The Minnesota Initial Refugee Health Assessment Quick Guide

On this page:
Purpose of Assessment
Components of the Minnesota Initial Refugee Health Assessment
Special Considerations
Reimbursement
Voluntary Resettlement Agencies (VOLAGs)
Full Provider Guide Chapter: Initial Refugee Health Assessment

Purpose of Assessment

  • In Minnesota, the Minnesota Initial Refugee Health Assessment exam fulfills the requirements for the Domestic Refugee Health Assessment. This exam differs significantly from the medical examination completed overseas in both its purpose and scope. The overseas examination is intended to identify medical conditions which will exclude a person from coming to the U.S. The domestic refugee health assessment is designed to reduce health-related barriers to successful resettle­ment, while protecting the health of Minnesota resi­dents and the U.S. population.
  • The overseas examination is valid for up to a year, if there are no Class A or Class B TB conditions, so there is potential for a lengthy lag period between medical clearance and arrival in Minnesota. The possibility exists for an individual to develop medical conditions, such as active tuberculosis, after the overseas exam, which may remain undetected until the Minnesota Initial Refugee Health Assessment is administered.
  • Obtaining the results of this health assessment on new refugees is crucial to the development of appropriate public health responses to health issues. For example, when the Minnesota Department of Health (MDH) determined that a large number of Somali refugees were arriving with positive TST results, the MDH Tuberculosis Program sought and obtained funding to create a video about TB in Somali.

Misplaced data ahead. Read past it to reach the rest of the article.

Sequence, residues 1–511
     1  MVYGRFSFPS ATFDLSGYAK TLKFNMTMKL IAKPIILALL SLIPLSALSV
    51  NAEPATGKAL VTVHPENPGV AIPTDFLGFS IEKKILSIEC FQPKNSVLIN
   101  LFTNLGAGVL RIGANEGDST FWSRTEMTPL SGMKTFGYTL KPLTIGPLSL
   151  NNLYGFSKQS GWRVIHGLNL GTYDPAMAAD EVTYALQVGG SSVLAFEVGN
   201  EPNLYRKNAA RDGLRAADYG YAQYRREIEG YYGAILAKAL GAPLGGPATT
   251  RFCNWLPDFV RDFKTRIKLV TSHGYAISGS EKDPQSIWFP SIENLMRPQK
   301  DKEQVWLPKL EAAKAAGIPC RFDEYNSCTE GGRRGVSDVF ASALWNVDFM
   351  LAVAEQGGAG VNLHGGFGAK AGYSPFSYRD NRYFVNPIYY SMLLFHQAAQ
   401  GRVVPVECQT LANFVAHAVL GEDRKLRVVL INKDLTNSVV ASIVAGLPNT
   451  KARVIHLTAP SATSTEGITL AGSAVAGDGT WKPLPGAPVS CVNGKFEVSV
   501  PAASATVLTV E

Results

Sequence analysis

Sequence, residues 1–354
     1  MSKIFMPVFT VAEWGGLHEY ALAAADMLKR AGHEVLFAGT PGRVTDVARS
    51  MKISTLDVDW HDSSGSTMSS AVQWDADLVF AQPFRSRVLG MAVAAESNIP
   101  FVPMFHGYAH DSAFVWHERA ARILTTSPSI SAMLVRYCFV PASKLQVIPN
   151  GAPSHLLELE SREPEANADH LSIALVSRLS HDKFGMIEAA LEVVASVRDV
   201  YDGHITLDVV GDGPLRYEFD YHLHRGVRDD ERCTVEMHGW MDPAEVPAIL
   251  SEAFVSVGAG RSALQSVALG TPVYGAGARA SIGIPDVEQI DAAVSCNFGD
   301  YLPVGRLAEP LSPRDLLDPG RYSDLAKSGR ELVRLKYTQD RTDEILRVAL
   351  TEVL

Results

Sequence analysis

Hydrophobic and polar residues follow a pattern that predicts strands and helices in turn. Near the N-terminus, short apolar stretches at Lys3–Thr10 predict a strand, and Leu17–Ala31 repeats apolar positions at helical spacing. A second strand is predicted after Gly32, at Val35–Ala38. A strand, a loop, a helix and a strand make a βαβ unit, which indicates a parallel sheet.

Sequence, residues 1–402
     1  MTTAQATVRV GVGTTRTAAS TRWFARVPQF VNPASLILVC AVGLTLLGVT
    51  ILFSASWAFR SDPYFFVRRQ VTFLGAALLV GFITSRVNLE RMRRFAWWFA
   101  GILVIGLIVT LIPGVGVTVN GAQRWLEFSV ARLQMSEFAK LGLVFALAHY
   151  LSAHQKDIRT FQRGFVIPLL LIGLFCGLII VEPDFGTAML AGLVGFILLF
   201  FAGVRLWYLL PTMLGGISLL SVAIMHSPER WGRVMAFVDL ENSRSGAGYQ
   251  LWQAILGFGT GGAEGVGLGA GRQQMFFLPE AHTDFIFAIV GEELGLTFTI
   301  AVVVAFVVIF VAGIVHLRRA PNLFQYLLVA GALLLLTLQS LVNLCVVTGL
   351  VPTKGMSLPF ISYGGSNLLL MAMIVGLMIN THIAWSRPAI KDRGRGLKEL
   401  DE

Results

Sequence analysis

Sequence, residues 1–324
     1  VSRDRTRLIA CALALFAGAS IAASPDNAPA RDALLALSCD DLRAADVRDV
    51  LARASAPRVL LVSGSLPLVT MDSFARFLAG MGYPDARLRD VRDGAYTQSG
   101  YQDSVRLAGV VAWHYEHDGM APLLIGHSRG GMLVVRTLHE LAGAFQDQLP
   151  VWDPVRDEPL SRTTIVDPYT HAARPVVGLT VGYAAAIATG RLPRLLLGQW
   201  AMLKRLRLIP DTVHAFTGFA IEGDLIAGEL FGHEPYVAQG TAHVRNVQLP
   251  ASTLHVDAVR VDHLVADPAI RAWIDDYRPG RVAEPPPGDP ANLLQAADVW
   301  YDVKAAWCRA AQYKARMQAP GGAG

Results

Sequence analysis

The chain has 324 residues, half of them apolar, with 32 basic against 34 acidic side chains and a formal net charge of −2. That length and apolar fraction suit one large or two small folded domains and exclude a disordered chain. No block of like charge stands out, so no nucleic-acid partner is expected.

Components of the Minnesota Initial Refugee Health Assessment

  • Every state that resettles refugees designs the parameters for its state refugee health examination. The components of the examination in Minnesota, based upon the recommendations of the Immigrant and Nationality Act of 1980, include:
    • Immunization assessment and update
    • Tuberculosis screening
    • Hepatitis B screening and vaccination
    • Intestinal parasites screening
    • Sexually transmitted diseases screening
    • Malaria screening, if history or symptoms warrant
    • Lead screening for children age 17 years and younger
  • Any board-certified health care provider in Minnesota can perform this examination and document findings on the Minnesota Initial Refugee Health Assessment form (PDF:183KB/4 pages). When completed, this form should be returned to the local county public health department. Other states will have their own process for documenting findings.

Special Considerations

  • Providers must be aware of the fact that this domestic examination is a refugee’s first experience with the United States health care system. This is an opportunity for the provider and refugee to build a trusting relationship.
  • When performing a history and physical exam on refugees, providers should be considerate of the refugees’ cultural and religious beliefs and accommodate them as much as possible.

Reimbursement

  • Several methods of reimbursement are available to refugees and providers to cover the cost of the initial assessment, including: straight medical assistance, pre-paid medical assistance, or flat fee reimbursement. Methods of reimbursement vary by state.

Voluntary Resettlement Agencies (VOLAGs)

  • These agencies deliver refugee reception and placement services; working with newly arrive refugees on issues such as health service referrals, employment, English-language training and housing.

Full Provider Guide Chapter: Initial Refugee Health Assessment

Updated Wednesday, 23-Nov-2011 13:04:07 CST